What Spear means by rent control is the second-generation version tied to inflation and market rates. But she argues that in order for rent control to work in Seattle, it must apply to all new buildings. For many, this is a key factor in avoiding the shortage of rent-controlled units as seen in places like San Francisco. And it’s also where resistance stiffens.
The main opposition to rent control comes from those, including economists and developers, who argue it drives away development.
Stephen H. O’Connor, director of the Runstad Center for Real Estate Studies at the University of Washington, says that the academic study of rent control and price controls is long and deep, and shows that it’s bad public policy. “The private real estate market will not assume a level of risk that doesn’t provide a commensurate level of return,” O’Connor says. In other words, if regulations constrain potential profits here, developers will move elsewhere. Maybe to Bellevue.Spear admits there may be some truth to the argument that rent control discourages investment, but she believes developers will continue to build in a booming Seattle; meanwhile, other considerations need to be taken into account. “We need to move towards a model based on human need and environmental sustainability,” Spear says. “Rent control is an emergency measure.”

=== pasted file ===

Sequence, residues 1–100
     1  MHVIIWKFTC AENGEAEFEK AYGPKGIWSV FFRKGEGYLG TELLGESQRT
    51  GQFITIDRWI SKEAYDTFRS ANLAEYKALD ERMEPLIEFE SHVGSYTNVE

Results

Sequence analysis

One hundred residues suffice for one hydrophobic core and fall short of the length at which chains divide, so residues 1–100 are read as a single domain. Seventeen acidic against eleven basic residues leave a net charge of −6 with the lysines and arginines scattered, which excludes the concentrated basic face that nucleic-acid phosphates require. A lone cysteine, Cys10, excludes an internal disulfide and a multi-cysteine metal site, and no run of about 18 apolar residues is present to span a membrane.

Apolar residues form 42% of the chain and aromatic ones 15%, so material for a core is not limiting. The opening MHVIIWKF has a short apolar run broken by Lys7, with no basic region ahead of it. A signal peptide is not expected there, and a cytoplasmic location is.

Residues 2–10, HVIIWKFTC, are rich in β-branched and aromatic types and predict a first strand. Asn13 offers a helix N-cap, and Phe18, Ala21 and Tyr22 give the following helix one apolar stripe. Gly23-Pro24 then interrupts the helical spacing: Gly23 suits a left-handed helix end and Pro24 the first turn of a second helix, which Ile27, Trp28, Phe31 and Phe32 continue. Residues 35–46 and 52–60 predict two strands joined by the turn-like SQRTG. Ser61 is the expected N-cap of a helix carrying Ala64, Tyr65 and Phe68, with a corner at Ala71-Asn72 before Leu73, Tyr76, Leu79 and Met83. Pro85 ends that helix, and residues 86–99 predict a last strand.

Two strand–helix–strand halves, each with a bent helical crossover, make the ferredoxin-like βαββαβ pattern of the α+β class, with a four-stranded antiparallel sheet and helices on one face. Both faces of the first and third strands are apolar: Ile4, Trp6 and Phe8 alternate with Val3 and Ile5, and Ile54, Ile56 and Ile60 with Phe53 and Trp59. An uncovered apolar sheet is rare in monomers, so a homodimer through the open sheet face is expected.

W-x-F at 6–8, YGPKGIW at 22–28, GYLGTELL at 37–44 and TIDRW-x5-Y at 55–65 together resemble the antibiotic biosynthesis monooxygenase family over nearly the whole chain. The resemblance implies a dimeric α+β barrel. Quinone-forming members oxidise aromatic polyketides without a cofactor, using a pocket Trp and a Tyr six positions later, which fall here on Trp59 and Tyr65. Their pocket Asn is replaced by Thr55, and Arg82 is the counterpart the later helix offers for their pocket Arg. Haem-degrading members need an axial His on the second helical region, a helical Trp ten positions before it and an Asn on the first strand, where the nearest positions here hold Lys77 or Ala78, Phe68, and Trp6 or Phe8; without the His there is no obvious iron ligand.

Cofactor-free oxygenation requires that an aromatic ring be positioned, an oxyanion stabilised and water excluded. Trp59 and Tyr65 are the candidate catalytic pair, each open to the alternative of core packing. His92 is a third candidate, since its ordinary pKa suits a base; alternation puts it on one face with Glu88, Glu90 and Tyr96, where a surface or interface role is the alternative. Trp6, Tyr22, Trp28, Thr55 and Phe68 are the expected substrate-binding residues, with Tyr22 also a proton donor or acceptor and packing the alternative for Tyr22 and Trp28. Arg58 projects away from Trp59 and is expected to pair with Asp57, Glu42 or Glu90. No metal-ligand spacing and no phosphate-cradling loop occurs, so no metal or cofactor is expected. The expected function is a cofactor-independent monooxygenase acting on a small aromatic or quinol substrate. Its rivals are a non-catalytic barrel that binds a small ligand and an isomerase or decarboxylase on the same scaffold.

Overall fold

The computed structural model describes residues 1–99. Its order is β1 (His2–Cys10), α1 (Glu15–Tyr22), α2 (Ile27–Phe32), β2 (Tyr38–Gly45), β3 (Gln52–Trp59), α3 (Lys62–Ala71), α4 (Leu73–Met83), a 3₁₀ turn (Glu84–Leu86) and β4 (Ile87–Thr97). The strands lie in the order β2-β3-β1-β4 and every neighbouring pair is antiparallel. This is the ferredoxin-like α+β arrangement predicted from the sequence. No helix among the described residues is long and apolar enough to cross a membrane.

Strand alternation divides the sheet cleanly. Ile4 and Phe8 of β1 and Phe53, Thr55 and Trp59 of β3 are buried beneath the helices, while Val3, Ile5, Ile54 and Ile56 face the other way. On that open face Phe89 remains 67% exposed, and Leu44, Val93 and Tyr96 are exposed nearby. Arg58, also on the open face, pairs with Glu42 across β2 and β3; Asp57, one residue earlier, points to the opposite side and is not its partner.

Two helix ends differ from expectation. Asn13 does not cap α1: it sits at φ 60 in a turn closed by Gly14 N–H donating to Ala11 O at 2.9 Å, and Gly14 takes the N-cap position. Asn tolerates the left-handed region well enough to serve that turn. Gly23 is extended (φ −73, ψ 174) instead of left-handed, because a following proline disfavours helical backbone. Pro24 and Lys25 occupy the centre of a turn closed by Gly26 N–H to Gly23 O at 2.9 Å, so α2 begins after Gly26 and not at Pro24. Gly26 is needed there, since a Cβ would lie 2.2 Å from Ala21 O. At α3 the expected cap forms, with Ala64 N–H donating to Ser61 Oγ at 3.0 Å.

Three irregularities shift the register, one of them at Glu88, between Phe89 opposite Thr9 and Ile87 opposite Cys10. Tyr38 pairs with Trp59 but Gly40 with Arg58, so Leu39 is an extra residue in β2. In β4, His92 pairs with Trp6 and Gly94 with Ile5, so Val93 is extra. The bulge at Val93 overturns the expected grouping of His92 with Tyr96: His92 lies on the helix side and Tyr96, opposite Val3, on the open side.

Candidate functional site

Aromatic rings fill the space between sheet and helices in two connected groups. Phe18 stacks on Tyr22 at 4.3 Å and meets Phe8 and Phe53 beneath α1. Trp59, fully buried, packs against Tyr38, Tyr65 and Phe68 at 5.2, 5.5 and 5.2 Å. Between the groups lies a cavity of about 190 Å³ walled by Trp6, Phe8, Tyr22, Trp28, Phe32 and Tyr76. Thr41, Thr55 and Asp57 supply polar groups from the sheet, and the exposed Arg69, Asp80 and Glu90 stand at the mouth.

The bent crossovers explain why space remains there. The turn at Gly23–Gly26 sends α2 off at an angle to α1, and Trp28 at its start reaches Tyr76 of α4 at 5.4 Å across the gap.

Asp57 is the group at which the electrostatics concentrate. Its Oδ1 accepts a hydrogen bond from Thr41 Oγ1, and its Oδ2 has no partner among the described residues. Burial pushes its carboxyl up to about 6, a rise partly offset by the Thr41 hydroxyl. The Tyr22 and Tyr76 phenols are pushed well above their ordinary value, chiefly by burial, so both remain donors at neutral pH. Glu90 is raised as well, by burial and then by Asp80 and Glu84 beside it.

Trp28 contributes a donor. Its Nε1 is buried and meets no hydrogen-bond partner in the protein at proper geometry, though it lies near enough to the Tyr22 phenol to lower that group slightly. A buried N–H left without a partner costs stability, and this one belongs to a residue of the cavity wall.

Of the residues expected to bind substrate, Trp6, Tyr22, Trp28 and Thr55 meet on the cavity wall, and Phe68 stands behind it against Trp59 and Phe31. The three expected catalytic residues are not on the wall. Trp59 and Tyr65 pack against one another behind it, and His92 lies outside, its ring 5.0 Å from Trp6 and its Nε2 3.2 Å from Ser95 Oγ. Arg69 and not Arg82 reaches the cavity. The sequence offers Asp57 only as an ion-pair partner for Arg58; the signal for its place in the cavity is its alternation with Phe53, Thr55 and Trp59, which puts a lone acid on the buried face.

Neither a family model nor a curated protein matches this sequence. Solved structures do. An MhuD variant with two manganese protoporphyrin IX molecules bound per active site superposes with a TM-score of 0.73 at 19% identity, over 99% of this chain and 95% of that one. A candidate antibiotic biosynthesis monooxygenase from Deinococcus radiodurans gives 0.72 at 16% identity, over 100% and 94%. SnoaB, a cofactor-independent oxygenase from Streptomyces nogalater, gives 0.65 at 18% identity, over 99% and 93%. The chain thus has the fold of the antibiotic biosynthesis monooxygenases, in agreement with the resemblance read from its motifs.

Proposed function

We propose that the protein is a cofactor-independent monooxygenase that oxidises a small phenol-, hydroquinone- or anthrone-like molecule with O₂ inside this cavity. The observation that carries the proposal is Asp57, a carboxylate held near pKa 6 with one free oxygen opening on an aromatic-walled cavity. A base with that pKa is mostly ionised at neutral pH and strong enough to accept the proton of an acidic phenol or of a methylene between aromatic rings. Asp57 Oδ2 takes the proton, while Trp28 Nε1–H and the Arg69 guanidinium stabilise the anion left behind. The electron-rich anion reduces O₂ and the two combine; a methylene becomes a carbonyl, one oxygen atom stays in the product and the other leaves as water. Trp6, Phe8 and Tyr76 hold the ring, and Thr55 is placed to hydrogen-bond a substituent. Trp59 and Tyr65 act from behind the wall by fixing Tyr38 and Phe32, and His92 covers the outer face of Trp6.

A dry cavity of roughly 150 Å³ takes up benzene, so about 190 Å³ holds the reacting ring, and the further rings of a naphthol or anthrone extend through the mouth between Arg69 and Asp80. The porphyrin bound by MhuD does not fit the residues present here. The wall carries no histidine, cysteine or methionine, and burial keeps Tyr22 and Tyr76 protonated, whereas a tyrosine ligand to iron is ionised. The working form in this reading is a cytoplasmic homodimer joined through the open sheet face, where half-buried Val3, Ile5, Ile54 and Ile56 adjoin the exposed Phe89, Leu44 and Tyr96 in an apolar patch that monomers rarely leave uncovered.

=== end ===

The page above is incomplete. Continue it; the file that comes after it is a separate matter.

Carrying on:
Current affordability strategies take three basic forms (along a spectrum from regulation to free market): stabilize or control rent, make developers build or fund affordable units as part of the cost of building, or wait for increased density and expanded housing supply to drive down costs naturally.
For her part, Seattle City Council member Sally Clark doesn’t think we’ll see a removal of the ban anytime soon and doesn’t buy the density solution. “The argument is that if there are enough cans of Pepsi, the price of Pepsi will come down,” Clark says. “It may work for Pepsi, but not for housing.” She and others point to Ballard as an example of the failed maximum-density theory, where rental rates (and vacancies) are at a citywide high despite increased supply.